Amanda Blake Davis and Brian Stepanek in the Second City’s “A… (Craig Schwartz / Center…)
Christmas obviously isn't for everyone, but it's pretty hard to avoid even if your plan for the 25th involves Chinese food and a movie. Stores break out the decorations right after Halloween, and as for the theater, it's wall to wall productions of "A Christmas Carol" as soon as the Thanksgiving leftovers are finished.
It's enough to put even a Noel-loving drama critic in a "Bah, humbug!" mood.
Fortunately, two notable alternatives to the standard holiday fare have arrived to spice up the season: The Second City's "A Christmas Carol: Twist Your Dickens!" at the Kirk Douglas Theatre and Donald Margulies' "Coney Island Christmas" at the Geffen Playhouse.
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Neither threatens to topple Dickens' cash reindeer, but one brought me the joy of laughter and the other gave me the gift of wonder. So even though I have one or two Scrooge-like criticisms, particularly of the Margulies play, there's reason to be grateful.
The strength of the Second City offering, a send-up of "A Christmas Carol" garlanded with zany holiday sketches, lies in its crack ensemble. The cast is composed of Second City alumni whose names may not be all that familiar but whose talent is undeniable.
Ron West's Ebenezer Scrooge is a testimony to the hilarity of villainy that's too old and cranky to give a damn. This guy gets his jollies from torturing underlings and tormenting the poor and defenseless. When we first encounter Scrooge, he's counting his ill-gotten gains from the Salvation Army kettle he left outside for dupes to fill up. "It was like taking candy from a baby who is stupid," he boasts.
The script by Peter Gwinn and Bobby Mort (both have experience writing for "The Colbert Report") supplies plenty of bust-a-gut lines. When Brian Stepanek's Bob Cratchit objects to having to work on Christmas, Scrooge replies, "I don't care if it's Jesus' birthday, you're going to be here bright and early tomorrow morning!"
Yet it's West's tart truculence that truly tickles the audience, just as it's the physical comedy of Frank Caeti, Larry Joe Campbell and Dan Castellaneta as the ghosts who try to redeem a seemingly unredeemable miser that creates an atmosphere of riotous havoc. (Campbell's belly, liberally exposed, is a laugh magnet all by itself.) Amanda Blake Davis as Mrs. Cratchit and Jean Villepique as Tiny Tim round out the versatile cast whose role-hopping ease and comic acuity reaffirm Second City's storied history.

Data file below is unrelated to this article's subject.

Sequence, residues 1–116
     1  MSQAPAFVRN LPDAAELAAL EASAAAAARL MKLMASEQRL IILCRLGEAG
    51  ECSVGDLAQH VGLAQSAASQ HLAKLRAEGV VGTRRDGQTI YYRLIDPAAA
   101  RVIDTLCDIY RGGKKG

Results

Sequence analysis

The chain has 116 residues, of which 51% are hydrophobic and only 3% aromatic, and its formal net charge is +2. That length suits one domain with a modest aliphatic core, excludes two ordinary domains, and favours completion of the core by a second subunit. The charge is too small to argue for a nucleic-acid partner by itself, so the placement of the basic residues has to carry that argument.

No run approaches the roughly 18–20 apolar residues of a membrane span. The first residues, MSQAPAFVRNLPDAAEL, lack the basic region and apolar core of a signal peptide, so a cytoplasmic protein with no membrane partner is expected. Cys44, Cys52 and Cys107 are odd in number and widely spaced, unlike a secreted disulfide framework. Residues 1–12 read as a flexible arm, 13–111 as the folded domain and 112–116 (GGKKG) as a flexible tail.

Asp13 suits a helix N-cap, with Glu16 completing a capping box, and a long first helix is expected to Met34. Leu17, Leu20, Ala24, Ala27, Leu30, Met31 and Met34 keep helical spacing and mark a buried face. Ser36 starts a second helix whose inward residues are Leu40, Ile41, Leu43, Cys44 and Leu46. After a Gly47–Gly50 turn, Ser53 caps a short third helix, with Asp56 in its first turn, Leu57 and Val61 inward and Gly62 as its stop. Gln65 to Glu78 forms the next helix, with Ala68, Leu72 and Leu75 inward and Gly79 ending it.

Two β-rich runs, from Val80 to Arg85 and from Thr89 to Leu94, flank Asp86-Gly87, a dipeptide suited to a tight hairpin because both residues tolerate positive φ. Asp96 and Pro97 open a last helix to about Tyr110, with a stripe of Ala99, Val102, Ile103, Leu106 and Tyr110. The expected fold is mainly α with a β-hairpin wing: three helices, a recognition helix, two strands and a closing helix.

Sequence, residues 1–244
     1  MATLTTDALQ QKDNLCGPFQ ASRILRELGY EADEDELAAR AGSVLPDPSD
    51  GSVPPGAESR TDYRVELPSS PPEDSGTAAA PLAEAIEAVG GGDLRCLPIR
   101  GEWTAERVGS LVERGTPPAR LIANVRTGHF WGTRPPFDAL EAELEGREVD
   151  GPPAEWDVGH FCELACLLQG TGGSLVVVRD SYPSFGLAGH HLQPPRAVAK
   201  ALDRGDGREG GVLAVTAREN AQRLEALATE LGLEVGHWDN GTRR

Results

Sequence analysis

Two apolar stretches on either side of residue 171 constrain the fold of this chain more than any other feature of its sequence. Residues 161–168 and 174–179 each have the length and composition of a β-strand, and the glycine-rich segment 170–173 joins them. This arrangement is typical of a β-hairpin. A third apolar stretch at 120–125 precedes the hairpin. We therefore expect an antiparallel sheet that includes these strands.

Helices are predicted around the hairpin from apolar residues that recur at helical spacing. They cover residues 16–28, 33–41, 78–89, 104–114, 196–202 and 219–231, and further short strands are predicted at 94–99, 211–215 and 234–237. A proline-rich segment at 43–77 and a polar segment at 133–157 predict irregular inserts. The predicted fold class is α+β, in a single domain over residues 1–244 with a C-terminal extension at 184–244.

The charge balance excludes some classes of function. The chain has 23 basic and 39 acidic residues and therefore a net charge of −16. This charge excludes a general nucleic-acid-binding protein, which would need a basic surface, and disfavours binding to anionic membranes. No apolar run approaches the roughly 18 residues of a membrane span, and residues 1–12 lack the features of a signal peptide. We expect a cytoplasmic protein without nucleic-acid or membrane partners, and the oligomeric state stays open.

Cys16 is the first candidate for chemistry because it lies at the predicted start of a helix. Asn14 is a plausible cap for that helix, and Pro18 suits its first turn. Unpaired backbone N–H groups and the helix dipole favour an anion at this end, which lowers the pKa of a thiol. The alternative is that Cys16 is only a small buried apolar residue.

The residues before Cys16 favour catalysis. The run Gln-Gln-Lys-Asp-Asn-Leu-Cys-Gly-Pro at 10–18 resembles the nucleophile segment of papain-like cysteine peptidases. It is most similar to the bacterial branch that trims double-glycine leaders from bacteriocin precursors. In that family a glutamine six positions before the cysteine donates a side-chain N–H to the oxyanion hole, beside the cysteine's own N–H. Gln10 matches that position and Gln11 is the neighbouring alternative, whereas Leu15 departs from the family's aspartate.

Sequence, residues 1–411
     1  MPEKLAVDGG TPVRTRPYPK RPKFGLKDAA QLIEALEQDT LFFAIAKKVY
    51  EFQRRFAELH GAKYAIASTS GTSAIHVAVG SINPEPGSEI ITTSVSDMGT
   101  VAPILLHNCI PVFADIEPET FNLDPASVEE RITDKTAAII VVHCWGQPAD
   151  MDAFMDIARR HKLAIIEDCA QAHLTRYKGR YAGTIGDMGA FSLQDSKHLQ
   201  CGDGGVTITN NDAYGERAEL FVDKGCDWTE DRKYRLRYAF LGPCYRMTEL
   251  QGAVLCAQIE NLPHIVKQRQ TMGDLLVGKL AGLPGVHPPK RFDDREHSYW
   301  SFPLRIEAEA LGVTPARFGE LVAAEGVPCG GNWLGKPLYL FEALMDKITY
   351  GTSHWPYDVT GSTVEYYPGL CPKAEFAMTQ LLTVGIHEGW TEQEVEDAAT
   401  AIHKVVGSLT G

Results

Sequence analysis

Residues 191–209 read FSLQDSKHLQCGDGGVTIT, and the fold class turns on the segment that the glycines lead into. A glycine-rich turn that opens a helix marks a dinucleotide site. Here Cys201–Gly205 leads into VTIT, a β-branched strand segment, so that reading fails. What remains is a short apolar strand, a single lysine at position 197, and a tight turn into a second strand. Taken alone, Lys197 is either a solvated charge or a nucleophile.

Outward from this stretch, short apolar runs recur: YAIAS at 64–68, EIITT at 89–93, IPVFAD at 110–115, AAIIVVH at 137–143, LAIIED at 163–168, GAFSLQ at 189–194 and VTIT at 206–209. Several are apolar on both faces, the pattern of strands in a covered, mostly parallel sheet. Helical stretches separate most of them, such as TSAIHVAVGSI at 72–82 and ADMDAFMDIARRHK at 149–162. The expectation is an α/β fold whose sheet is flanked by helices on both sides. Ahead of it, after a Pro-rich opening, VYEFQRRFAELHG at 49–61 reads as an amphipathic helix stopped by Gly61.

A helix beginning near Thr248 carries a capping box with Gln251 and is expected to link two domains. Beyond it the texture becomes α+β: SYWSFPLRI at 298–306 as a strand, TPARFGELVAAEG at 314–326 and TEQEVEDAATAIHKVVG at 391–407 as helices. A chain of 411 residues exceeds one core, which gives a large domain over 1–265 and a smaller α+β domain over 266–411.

Intermittently, a heckler starts shouting complaints about the ludicrous anachronisms of this Dickens retelling. These moments are clearly scripted but feel completely improvisational. And when the actors are called upon to improvise a scene of a family opening gifts on Christmas morning in various time periods suggested by the audience, the performers' mental alertness would astound even the geniuses over at Caltech.
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The only quibble with the production, nimbly directed by Marc Warzecha, is its length. A tighter set of routines is always merrier. Also, why stop the momentum with an intermission when it would make more sense to turn the lobby into a post-show watering hole for those wanting to linger in the mirthful afterglow with one of the themed cocktails that are for sale? But this twist on Dickens is good medicine for a harried season that can sometimes leave you too stressed out to even smile.
"Coney Island Christmas" at the Geffen seems to be vying for the Jewish "Christmas Carol" slot. And Margulies, whose work ("Sight Unseen," "The Model Apartment") often grapples with Jewish identity, is just the man for the job, though this drama, an elaboration of a short story by Grace Paley, is still a draft or two away from becoming a holiday staple.
The frame of the piece has Shirley Abramowitz (Angela Paton) recollecting to her great-granddaughter (Grace Kaufman) a tale from her Depression-era Brooklyn childhood. Not having much luck getting into the holiday spirit in sunny California, they travel back in time to a bustling, noisy immigrant world that in Shirley's part of town was fragrant with potato latkes, gefilte fish and sour pickles.
Young Shirley (an endearing Isabella Acres) is a bright 12-year-old with a notably loud voice that gets her in trouble at home but opens doors at school — the stage door, most exciting of all. After making a successful debut gobbling as a turkey in the school's Thanksgiving pageant, she is cast as Jesus in the Christmas pageant.
Shirley's father (Arye Gross), a shopkeeper happy to be in a country free of pogroms, takes the news in stride, but Shirley's mother (Annabelle Gurwitch) is up in arms at the idea of her Jewish daughter starring in a Christian extravaganza. "We let our Shirley play Jesus, then what?" she asks. "She becomes a nun?"